Wyden presents U.S. flag to Holocaust survivor
Even for U.S. Sen. Ron Wyden, who opens his town hall meetings with special recognitions or long-lost military decorations, this one was special.
The Oregon Democrat presented a U.S. flag flown over the Capitol in Washington to Alter Wiener, 90, of Hillsboro, one of the few Oregon survivors of the Holocaust — when 6 million Jews were systematically killed by Nazi Germany during World War II.
Among the victims were 100 members of Wiener's extended family, and many members of Wyden's own family — although his father escaped before the war started.
The presentation took place Saturday (May 6) at a town hall meeting attended by hundreds at the Liberty High School auditorium in Hillsboro. (Wiener announced last year that his Sept. 24, 2016, appearance in Sherwood would be his last public lecture due to health issues.)
Wiener wrote his story in a 2007 book, "64735: From a Name to a Number, A Holocaust Survivor's Autobiography," and has retold his story to numerous audiences.
He said he wrote the book after a World War II veteran who took part in the liberation of Buchenwald concentration camp in April 1945 — the first by the U.S. Army — told him, "Nothing annoys me more than people who deny the Holocaust."
Wiener said he sent the first copy to Mahmoud Ahmadinejad, then the president of Iran, who has described the Holocaust as a myth.
"Unfortunately, there are so many people who know nothing about the Holocaust," he said. "That is very sad... It is not just a chapter in history."
In a global poll by the Anti-Defamation League a few years ago, only 54 percent of those sampled said they were aware of it — and 32 percent said the Holocaust was greatly exaggerated or a myth.
Wyden first met Wiener a few years ago at another town hall meeting in Oregon City.
"I want to make sure the people of our state understood the horrors of the Holocaust," he said. "This quiet, dignified gentleman wants to tell students and adults throughout Oregon about it."
Wiener was only 15 when the Nazis took him away from his home in Poland, sent to a labor camp, tortured and enslaved.
"His history speaks for many millions who have endured similar terrors. He didn't just survive. He persevered. He has rebuilt his life in America," Wyden said.
"We are so fortunate that his survival story teaches us to be aware of prejudices or stereotypes against anyone.
"What Alter has done in terms of educating us about the Holocaust is describing what happens when any group on the basis of religion or ancestry is singled out. It's a story that has a lot of resonance today."
Wyden referred to President Donald Trump's advocacy of a border wall with Mexico and Trump's executive orders — stalled by the courts — temporarily banning travelers from six Muslim-majority nations.
"We should not be singling people out," Wyden said to audience applause.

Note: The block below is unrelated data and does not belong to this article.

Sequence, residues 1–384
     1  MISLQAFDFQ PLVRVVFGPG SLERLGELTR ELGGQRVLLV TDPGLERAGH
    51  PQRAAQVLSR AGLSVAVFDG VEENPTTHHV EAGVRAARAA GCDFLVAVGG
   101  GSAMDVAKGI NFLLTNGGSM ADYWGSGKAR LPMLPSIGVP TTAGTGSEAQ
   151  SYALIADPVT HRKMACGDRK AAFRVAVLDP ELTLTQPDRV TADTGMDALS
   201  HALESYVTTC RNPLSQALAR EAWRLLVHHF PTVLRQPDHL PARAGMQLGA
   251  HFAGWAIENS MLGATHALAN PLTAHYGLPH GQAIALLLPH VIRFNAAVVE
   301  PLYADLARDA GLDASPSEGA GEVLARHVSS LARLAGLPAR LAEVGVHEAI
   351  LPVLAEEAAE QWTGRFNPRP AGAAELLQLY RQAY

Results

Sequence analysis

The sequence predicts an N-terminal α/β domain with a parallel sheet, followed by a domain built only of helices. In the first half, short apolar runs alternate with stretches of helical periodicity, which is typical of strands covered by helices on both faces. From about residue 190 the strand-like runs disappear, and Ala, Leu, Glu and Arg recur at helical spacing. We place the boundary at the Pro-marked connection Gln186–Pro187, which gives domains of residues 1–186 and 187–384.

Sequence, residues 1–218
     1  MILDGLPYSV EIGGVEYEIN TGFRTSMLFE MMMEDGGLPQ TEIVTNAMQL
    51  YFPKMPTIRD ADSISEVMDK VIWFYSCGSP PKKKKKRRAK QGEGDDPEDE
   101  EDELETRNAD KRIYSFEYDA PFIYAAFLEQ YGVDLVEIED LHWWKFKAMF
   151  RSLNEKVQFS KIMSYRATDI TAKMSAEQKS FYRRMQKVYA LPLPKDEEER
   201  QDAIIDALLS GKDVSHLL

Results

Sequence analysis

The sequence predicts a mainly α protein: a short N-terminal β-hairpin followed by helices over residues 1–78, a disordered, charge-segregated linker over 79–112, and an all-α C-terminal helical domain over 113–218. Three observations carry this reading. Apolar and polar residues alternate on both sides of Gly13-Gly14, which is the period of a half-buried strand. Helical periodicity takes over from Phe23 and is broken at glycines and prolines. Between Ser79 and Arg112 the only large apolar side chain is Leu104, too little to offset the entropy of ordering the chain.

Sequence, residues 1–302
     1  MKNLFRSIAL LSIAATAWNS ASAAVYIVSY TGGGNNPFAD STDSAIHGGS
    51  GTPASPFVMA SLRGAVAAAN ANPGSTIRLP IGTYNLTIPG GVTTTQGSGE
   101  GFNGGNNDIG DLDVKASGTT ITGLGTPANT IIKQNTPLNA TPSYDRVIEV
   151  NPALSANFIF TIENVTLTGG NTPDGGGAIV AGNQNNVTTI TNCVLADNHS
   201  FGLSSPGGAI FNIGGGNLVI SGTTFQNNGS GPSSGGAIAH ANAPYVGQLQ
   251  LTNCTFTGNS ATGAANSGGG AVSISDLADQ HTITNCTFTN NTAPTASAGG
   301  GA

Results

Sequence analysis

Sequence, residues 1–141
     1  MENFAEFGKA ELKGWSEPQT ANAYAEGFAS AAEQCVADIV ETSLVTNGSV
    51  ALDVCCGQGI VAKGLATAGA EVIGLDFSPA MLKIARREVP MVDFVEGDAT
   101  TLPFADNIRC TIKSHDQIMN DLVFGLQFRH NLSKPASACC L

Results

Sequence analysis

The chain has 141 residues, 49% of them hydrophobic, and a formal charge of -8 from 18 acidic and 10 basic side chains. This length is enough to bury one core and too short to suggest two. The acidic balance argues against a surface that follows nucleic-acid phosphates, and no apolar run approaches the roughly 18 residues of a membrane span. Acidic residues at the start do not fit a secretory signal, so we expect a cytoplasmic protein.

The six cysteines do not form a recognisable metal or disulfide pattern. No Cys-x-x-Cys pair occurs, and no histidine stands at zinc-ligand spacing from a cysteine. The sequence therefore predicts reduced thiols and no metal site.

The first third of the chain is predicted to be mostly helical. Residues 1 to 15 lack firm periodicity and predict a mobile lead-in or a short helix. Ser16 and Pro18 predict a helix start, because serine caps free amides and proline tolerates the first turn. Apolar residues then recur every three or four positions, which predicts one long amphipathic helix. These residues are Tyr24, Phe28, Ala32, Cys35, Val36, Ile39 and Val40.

Wyden also has a personal tie to the Holocaust.
His father, Peter Wyden, fled Nazi Germany and came to the United States in 1937 at the age of 14. His mother, Edith Rosenow, also fled.
More than 50 years later, after a career as a journalist and author, Peter Wyden wrote about a classmate at the Goldschmidt School in Berlin who informed on Jews. His 1993 book was "Stella: One Woman's True Tale of Evil, Betrayal and Survival in Hitler's Germany."
Peter Wyden died in 1998 at the age of 74.
Ron Wyden said other family members failed to escape Germany. Some died during the November 1938 surge of violence against Jews known as Krystallnacht; others died at Theresienstadt concentration camp, now in the Czech Republic.
His presentation to Wiener took place on or near several significant anniversary dates of World War II.
On May 6, 1942 — 75 years ago on Saturday — U.S. forces surrendered the island fortress of Corregidor to Japanese troops in their battle for the Philippines. Two days later, the Battle of the Coral Sea ended as the U.S. Navy turned back a Japanese offensive. It was the first sea battle between aircraft carriers, and opposing ships never sighted nor fired directly at each other.
On May 7, 1945, Nazi Germany surrendered to U.S. and Allied forces in Europe. Japan surrendered four months later to end World War II.
On May 9, 1945, Soviet troops liberated the Gross Masselwitz labor camp in Poland, the fifth where Wiener had been a prisoner. He was down to 80 pounds, and the cover of his book depicts him in that state.
"I was reborn that day," Wiener said.
Upon release, Wiener first went to Palestine, then to New York City. He came to Hillsboro in 2000.
He has made it his mission to persuade the Oregon Legislature, without success so far, to require schools to teach about the Holocaust.
He quoted from the Talmud, a central text of Judaism, a saying popularized in the 1993 film "Schindler's List," "if you save one life, you save the world."